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The Government’s misguided attempt to rig an over-valued housing market

Tom Winnifrith
Sunday 30 December 2012

This Government, like all Governments, wants to rig the housing market. It calculates – correctly – that it garners short term electoral gain by pushing up house prices even if this involves wholesale pissing away of taxpayer’s cash and ultimately also directly and negatively impacts on the standard of living. One day this almighty con must stop. UK house prices are too high and Call Me Dave might reckon that he can buck the market that he can beat nature, but like King Canute he, or some other Prime Minister will ultimately fail in a spectacular fashion. This is a great con trick played by the political classes on you with your money. We all lose in the end.

Oh okay, before anyone quibbles about UK house prices being too high: The UK price to income ratio is just above 5.5 – well above the Long Term Norm. When it gets well above norm a steep fall always follows. You do not know when the bubble goes pop but in the end it always does. We had a good burst in 2007 ( when the ratio reached 6.5) and in 1987 ( the Lawson Boom) the ratio was only 5 before it slumped ( to 2.6). So blather on about new paradigms if you wish but UK house prices are too high. They will fall one day. However the politicians will defer that day for as long as possible.

The calculation of those meant to serve us is that if house prices are stable or go up we all feel richer ( or at least those more likely to vote, i.e. homeowners and those over 30 feel richer) and so the party in power has a greater chance of re-election. Of course this is a con at every level.

Firstly, so what if your house goes up in value? Ultimately you will either sell to buy another house or die and see your house sold so your kids can buy a house/repay a vast mortgage taken out to buy an equally over-priced asset. What can you buy with a house? Another house. We are not really “richer” if the value of our family home goes up.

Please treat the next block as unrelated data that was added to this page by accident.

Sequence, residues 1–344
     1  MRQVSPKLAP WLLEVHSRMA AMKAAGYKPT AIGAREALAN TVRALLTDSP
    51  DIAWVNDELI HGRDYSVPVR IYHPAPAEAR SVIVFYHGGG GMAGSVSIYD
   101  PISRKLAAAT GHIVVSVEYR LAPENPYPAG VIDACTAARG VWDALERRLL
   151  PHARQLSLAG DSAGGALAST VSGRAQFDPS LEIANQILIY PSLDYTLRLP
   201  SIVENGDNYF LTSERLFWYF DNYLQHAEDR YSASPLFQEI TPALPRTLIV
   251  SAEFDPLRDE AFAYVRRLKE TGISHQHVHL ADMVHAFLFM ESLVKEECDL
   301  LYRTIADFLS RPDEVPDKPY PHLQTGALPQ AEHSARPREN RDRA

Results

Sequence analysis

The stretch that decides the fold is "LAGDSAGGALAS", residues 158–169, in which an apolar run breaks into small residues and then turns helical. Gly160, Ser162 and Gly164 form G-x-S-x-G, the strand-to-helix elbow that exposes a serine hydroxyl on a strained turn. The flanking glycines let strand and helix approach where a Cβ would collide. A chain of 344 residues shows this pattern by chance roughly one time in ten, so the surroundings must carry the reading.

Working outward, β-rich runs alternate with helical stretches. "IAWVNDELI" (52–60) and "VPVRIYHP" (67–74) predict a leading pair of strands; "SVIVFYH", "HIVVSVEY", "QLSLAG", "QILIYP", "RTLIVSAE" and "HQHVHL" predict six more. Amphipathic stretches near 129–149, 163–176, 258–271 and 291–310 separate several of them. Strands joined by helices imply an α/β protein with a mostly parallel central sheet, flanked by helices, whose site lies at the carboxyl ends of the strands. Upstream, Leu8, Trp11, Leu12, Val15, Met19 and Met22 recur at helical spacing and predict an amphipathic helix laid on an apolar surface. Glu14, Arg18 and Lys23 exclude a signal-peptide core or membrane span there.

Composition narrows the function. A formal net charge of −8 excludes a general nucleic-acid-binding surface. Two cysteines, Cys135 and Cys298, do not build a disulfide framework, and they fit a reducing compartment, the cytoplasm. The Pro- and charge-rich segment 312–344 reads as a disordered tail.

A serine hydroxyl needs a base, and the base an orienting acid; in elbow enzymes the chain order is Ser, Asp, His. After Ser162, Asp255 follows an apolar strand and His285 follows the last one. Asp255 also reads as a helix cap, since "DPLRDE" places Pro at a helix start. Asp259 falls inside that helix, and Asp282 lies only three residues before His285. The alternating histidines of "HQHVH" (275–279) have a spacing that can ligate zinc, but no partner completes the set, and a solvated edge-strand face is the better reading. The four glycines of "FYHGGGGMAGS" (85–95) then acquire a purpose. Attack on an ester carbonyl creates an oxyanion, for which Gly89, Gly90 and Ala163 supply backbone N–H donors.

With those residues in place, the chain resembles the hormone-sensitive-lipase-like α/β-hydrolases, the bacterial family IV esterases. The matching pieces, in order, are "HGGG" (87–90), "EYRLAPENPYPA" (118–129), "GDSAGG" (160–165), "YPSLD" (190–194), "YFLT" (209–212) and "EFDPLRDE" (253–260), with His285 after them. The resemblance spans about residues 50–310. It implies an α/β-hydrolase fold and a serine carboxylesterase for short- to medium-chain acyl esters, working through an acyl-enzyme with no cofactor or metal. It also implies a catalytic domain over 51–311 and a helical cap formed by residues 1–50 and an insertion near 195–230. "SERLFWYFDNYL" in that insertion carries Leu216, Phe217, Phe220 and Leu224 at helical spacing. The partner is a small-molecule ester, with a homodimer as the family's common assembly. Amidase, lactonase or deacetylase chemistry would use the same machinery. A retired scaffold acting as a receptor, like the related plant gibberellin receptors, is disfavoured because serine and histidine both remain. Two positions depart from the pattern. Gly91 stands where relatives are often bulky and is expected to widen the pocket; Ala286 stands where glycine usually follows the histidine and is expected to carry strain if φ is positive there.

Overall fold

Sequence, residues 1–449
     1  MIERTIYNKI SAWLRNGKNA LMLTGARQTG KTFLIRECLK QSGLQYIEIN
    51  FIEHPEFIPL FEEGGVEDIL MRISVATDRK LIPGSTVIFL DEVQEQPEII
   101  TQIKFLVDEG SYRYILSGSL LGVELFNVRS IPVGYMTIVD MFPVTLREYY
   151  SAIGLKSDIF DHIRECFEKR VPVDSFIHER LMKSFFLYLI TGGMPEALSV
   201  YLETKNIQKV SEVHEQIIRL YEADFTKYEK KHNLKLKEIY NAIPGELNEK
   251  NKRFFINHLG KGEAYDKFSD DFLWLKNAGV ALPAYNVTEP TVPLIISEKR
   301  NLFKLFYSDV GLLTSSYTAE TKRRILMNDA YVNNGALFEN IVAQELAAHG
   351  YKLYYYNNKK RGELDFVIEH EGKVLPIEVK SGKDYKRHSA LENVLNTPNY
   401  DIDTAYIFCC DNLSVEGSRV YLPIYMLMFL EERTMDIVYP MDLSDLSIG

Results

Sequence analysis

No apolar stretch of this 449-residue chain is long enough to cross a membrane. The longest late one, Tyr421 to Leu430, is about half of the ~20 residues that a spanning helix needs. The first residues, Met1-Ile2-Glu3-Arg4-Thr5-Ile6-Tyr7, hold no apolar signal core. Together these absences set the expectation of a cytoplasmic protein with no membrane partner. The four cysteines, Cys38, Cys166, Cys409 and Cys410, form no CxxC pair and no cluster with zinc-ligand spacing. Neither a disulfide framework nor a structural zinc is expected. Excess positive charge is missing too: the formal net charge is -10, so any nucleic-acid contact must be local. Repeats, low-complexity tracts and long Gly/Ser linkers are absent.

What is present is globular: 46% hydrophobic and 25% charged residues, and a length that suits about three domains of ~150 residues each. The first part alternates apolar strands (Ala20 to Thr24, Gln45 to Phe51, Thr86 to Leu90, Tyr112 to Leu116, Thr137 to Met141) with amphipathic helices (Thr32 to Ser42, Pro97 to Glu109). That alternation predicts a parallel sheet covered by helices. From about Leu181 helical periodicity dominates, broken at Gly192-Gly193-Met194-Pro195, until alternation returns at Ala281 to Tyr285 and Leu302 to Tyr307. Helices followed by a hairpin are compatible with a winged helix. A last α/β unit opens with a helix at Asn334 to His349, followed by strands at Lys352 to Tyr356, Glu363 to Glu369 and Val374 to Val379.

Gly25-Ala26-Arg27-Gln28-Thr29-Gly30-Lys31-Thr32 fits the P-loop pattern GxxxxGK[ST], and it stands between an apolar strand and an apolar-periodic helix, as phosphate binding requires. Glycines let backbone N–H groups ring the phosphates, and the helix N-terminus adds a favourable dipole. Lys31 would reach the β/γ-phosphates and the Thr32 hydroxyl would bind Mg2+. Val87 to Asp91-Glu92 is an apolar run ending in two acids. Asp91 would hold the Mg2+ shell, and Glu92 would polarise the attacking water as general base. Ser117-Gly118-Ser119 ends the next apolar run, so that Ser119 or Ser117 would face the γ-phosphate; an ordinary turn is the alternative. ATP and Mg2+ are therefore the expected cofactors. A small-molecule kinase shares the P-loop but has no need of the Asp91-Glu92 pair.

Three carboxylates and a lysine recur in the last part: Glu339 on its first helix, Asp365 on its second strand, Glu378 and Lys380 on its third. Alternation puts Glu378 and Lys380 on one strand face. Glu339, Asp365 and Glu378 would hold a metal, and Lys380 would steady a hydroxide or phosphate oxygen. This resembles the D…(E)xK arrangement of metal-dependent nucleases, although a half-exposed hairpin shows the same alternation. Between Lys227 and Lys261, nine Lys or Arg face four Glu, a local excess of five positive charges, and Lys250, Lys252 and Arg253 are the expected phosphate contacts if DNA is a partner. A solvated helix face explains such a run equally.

Secondly the cost of servicing a mortgage that is too large will (over the course of that mortgage) eat seriously into ones disposable income. Yes young folk, one day interest rates will be 10% not 0.5%. And that reduces the amount we have to spend on other items. Would you rather not have more cash to spend on holidays, alcohol or food for the kids?

Lower house prices would encourage more labour mobility. It would allow first time buyers to get on the ladder without numerous taxpayer subsidised schemes such as NewBuy. This is essentially the taxpayer shelling out hard cash to solve a problem that the taxpayer helps create. Lower prices would increase disposable income so driving economic growth ( and of course they would cut Government spending as schemes such as NewBuy could be scrapped). Falling prices would discourage folks from buying property as speculative investment ( so pushing up prices) and thus drive investment into more productive parts of the economy.

But though the case for allowing market forces to operate is clear this spineless Government like all of its predecessors has instead tried to beat the market. Importing new citizens via immigration whether they contribute to the economy or are a drain helps as these folk have to be housed. As you know I’d have unlimited immigration with the minor caveat that until anyone had paid five year’s taxes they got not a cent of benefits and no right to state funded housing. That would I suspect see the Abu Qatada’s of this world head off elsewhere. But current immigration patters stoke demand for housing.

There are other equally costly wheezes. The current wheeze is the large amounts given to the banks to lend to kick-start the economy. This has largely gone not to SMEs who need the cash but on funding a mortgage war. Once again you can get a dirt cheap 95% mortgage ( guaranteed by the State if you are a first time buyer).
The unintended consequence is that with free funding available for the Banks from the State, they do not need to borrow from savers so rates on savings accounts have plunged and are now, in real terms, negative on most accounts. So the prudent get whacked in order to allow folks to over-borrow to buy an overpriced asset. Perhaps someone can explain to me why this helps anyone?

Folks who believe that the State can beat the market are ultimately doomed to failure. The problem is that that socialists eventually run out of other people’s money. One would have hoped that a Conservative Prime Minister might have appreciated that. Clearly not.

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About Tom Winnifrith
Tom Winnifrith is the editor of When he is not harvesting olives in Greece, he is (planning to) raise goats in Wales.
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